Seven ways to mitigate campus risk

How one college takes a proactive approach to managing campus risk

Is enterprise risk management worth the effort? What’s gained by evaluating top risks across an entire college or university?

A recent survey of 921 higher education leaders found a “conflicted” attitude toward comprehensive risk programs. Academic leaders say that ERM is an institutional priority, yet many of them don’t follow through. At Grinnell, we examined risks across the institution and found these seven methods of ERM can help a campus learn to engage with risk in productive and creative ways.

1. Make risk your lingua franca.

When college leaders speak the language of risk, they discover one another’s concerns and motives. By imagining how institutional strategies and operations could be derailed, they gain respect for what colleagues face. Planning to address shared risks can increase communication across offices and departments.

To make budget decisions this year, we practiced adding risk as a criterion. The common currency of risk factors helped us determine what to fund right away and what could be postponed.

2. Stalk your risks like wild animals.

Some risks on campus—such as fraud prevention and food safety—are well managed, like domesticated animals. But even domesticated animals can sometimes suddenly turn on their handlers.

If your campus is revising emergency plans or compliance policies, these could represent examples of a second type of risk. These animals have been captured, but not yet tamed. For these, we need to develop better management methods.

Finally, consider elusive risks. What hazardous materials are stored on campus? Are multiple offices approving travel abroad? These risks still live in the wild. It’s tempting to ignore elusive risks, hoping they’ll keep their distance. Even if action is obviously needed, responsibility remains unclear.

3. Assign risk accountability.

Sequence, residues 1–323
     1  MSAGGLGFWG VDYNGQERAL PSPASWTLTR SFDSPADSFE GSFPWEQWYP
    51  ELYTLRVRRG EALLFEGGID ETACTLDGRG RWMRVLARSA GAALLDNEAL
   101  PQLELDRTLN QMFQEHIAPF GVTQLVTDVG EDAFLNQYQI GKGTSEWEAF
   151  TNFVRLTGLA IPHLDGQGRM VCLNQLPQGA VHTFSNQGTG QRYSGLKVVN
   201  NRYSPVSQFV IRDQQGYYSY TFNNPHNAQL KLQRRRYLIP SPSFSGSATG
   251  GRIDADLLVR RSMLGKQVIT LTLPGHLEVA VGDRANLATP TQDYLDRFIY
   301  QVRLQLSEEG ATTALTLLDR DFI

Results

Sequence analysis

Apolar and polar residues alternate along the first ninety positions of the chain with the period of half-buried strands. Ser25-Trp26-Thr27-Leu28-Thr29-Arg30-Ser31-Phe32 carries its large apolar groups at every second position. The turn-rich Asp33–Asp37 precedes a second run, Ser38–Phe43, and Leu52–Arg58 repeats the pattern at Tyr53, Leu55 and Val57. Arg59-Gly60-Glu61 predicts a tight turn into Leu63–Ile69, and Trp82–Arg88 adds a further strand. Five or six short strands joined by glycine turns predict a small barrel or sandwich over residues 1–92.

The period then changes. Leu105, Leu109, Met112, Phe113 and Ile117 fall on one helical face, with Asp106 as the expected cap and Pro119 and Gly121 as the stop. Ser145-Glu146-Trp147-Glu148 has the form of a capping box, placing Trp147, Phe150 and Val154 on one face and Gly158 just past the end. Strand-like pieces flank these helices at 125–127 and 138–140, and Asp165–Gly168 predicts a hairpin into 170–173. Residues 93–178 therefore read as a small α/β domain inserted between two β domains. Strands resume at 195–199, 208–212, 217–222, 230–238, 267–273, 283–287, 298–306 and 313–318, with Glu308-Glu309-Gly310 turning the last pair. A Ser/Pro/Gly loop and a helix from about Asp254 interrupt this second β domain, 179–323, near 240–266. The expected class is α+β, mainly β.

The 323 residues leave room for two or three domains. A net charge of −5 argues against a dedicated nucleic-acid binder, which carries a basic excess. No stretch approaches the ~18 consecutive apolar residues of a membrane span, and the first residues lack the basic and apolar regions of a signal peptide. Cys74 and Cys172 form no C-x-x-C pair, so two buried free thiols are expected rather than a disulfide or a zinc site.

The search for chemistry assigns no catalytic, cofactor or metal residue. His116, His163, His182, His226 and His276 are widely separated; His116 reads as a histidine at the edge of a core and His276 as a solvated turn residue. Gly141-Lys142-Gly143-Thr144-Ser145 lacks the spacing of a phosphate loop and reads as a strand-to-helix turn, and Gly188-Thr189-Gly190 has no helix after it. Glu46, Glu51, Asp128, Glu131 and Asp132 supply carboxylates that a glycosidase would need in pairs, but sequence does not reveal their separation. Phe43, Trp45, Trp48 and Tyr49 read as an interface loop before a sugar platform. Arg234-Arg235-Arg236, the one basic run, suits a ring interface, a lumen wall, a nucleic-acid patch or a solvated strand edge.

What happens when the risk lacks an owner? This problem was famously described after General Motors faced a rash of ignition-switch failures—everyone had responsibility to fix the problem, but no one took responsibility. One executive called it the “GM nod,” when everyone nods in agreement to a proposed plan of action, but no one does anything.

Interdisciplinary risks—not clearly located in one office—are easily neglected. Examples include coordinating access for people with disabilities and keeping minors safe on campus.

4. Exploit risk gateways.

The risk gate opens when someone submits an application, request or other bid for approval. Is that concert venue equipped for pyrotechnics? Does this expenditure comply with the terms of the grant?

Risk gatekeepers learn that if they don’t seize this chance to inquire, the true extent of any risks involved is unlikely to be volunteered by those proposing the activity.

5. Mobilize the four Ts.

A risk can be addressed by one or more of these classic options:

  • Terminate the risk (discontinue, prohibit or avoid offering a high-risk activity).
  • Treat with preventive measures that reduce risk impact or likelihood.
  • Tolerate the risk (e.g., focus on response instead of prevention).
  • Transfer or share a portion of the potential loss, via contracts or insurance. Discussing these four paths can reveal a productive direction once the “risk” label is deemed applicable.

6. Engage risk as a system.

Action taken to soothe one risk may exacerbate another. For example, new security measures can impede efficiency. Try to forecast possible consequences of any risk treatment—a cascade of cause-and-effect that might otherwise become visible only after the damage is done.

7. Know thyself through risk.

While risk management—like any field—can bristle with technical formulas and jargon, its basic principles can readily assist college leaders. The real challenge is understanding how decisions are made at your institution.

In the end, how does risk management differ from just plain “good management?” The difference is in its forward-looking focus. Even a glimpse of the path ahead can suggest how best to prepare, and can give campus leaders a little more time to respond.

Paula V. Smith is a professor of English and director of the Purposeful Risk Engagement Project at Grinnell College in Iowa.

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